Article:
Due to the failure of Congress to pass the DREAM Act, the President instituted the Deferred Action for Childhood Arrivals (DACA) policy in 2012. This policy allowed certain undocumented immigrants who entered the country before their 16th birthday and before June 15, 2012, to receive a renewable two-year work permit as well as an exemption from deportation.
Facts You Should Know
- To apply for DACA, individuals must pay a $465 application fee, submit numerous forms, and produce documentation showing they meet the requirements.
- DACA does not grant legal status to an applicant or negate a prior period of unlawful presence.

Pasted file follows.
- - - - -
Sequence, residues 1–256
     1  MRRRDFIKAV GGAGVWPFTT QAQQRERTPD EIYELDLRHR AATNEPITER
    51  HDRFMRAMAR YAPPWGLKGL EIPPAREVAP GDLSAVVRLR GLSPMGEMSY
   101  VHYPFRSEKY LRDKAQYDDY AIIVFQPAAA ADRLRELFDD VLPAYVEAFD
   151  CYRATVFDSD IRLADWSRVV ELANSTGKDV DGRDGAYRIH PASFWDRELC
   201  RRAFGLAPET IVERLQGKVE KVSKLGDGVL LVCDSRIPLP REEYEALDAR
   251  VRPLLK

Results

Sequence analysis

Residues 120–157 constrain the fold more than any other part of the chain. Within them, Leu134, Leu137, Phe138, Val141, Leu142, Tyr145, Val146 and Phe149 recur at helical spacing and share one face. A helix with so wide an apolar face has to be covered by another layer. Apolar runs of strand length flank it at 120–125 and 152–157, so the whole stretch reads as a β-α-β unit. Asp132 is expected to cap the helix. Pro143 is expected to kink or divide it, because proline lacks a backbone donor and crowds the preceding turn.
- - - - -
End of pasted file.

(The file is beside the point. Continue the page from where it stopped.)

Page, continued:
- If deferred action is granted, the applicant will not be considered unlawfully present during the time period the deferred action is in effect.
- Between August 2012 and March 2015, 794,501 applications for initial DACA were filed and 664,607 were approved. Between June 2014 and March 2015, 381,188 applications for DACA renewal were filed and 243,872 were approved.
- The state of Arizona challenged DACA, but the 9th Circuit Court of Appeals denied the state’s challenge.
- DACA individuals pay income and social security taxes, but are exempt from the requirement to have health insurance.
More Information on DACA…